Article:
Some residents might not understand how it happened that the Brownwood Area Chamber of Commerce’s Lifetime Achievement Award is named in honor of Groner Pitts. It has been 15 years since the award’s namesake died.
Groner’s legacy continues to be seen across Texas, and that legacy will continue to be felt for a long time.
An undertaker by trade, Pitts arrived in Brownwood from Cleburne to attend Howard Payne, where he became Head Yell-Leader. After graduation, he became this city’s de facto head cheerleader for life.
No number of stories about Groner’s contributions could do him justice, but people certainly tried during his funeral in February 2004.
It was in 2005 that a statue of Groner was dedicated in front of the Depot Civic and Cultural Center. Last year, a plaque detailing his multiple contributions was unveiled at the Central Texas Veterans Memorial in Camp Bowie.
In 1993, the Texas National Guard Armory at Camp Bowie was named for him in appreciation of his efforts in support of armed forces. It took legislative action — along with secrecy that only the military could pull off — to make it happen. It became the first armory in Texas named for a civilian, and the first state building named for someone still alive.
I met Groner when at Howard Payne myself, while staying at a professor’s apartment over spring break. My college service fraternity was holding a district convention in Houston, and our delegation was leaving town before dawn. Groner, who was living in the apartment complex while his new home was under construction, flagged us down without knowing who we were, and asked for a ride to his funeral home.
Typical of Groner, I discovered.
Groner walked the halls of government in Washington and Austin with sacks of pecans labeled “From Brownwood, Texas” to promote his city. A very special few dignitaries received coveted “Brownwood Mafia” membership certificates, suitable for framing to help promote the community.
He brought a celebrity to Brownwood for a major Fourth of July celebration. That was the first time a young Bulletin editor barely one year into the job had a front row seat to witness how Groner operated. Days later, this column made its debut, inspired by that event.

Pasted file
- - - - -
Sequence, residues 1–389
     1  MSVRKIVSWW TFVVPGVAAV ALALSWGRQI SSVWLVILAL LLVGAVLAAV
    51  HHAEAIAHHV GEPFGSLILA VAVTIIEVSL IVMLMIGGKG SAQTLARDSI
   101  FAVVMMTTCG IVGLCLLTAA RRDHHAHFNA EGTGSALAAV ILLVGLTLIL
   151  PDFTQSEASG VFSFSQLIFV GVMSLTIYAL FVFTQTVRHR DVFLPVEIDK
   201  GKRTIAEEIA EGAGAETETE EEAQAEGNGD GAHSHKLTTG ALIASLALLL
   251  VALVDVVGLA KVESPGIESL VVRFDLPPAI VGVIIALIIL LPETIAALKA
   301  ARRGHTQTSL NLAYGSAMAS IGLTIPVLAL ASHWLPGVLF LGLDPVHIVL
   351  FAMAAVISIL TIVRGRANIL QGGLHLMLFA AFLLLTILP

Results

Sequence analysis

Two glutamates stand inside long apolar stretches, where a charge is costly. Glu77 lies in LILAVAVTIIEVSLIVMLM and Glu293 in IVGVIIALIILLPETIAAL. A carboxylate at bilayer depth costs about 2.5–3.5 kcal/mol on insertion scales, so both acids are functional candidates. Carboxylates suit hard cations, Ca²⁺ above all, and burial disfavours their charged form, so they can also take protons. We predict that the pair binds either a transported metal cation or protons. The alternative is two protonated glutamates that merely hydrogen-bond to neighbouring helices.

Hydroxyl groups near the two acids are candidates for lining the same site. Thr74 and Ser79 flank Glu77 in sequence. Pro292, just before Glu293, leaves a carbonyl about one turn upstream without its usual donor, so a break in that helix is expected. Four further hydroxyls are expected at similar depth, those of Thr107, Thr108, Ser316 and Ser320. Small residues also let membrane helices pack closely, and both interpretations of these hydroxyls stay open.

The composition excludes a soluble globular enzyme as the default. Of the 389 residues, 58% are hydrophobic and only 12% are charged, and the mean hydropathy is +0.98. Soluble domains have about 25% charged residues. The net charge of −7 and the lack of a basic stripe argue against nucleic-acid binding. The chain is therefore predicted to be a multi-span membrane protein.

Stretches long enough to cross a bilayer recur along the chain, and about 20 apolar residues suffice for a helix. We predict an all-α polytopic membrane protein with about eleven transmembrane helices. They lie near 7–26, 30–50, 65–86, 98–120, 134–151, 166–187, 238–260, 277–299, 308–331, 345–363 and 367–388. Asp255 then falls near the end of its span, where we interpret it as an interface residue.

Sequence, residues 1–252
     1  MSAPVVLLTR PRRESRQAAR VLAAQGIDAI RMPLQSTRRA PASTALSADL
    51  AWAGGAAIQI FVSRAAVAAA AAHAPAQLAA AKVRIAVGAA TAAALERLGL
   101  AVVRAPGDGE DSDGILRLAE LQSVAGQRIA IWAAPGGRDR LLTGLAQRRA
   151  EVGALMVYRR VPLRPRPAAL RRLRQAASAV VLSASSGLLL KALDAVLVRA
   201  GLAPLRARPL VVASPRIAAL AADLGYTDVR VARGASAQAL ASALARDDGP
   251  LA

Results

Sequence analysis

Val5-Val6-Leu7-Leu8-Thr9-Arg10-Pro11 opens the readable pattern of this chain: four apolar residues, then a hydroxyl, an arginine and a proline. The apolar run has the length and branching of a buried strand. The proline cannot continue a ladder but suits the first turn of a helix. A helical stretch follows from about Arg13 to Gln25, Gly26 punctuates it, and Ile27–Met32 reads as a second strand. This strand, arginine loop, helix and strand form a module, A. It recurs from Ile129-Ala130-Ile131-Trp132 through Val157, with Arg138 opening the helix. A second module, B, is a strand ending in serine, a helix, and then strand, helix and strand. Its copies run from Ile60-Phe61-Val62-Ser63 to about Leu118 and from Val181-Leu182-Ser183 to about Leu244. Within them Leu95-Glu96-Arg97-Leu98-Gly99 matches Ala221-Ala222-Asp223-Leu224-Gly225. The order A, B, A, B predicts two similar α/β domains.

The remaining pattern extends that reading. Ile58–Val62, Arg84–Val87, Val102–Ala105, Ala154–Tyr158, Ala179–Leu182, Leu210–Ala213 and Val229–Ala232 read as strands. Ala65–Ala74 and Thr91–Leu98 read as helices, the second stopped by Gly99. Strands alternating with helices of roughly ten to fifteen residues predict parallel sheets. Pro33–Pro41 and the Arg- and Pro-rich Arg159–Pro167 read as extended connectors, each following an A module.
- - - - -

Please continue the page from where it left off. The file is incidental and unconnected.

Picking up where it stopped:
I don’t remember who said that every city needs a cheerleader like Groner Pitts — but no more. That’s because no community could ever handle more than one.
Groner’s practical jokes were legendary.
He orchestrated chaos in a hospital where Brownwood cohort Rodger Sweeney was lying unconscious after surgery. Groner trashed the room, then alerted nurses, “Come quick, Rodger’s had a fit.” Fort Worth newspaper columnist George Dolan wrote all about it, and that phrase became the title of Dolan’s book of columns.
Such stories are endless, but my space here is limited. Fortunately, I don’t need to keep writing. I urge everyone to go to the Central Texas Veterans Memorial in Camp Bowie and read his plaque. It provides a comprehensive list of things Groner accomplished and honors he received.
Earlier this month at the Brownwood chamber banquet, Paul Waldrop Jr. received the Groner Pitts Lifetime Achievement Award. He joined previous honorees Stuart Coleman, Putter Jarvis, J. Fred Perry, Bert Massey, Leonard Underwood, Patti Jordan, Dr. Stephen Kelly, Calvin Fryar, Robert Porter, Jane Ellen Jamar, Margaret Coleman, and Dallas Huston.
All were recognized because of lifetimes of service such as that exemplified by Groner Pitts.
Gene Deason is editor emeritus of the Brownwood Bulletin. His column appears on Fridays. He may be contacted at email@example.com.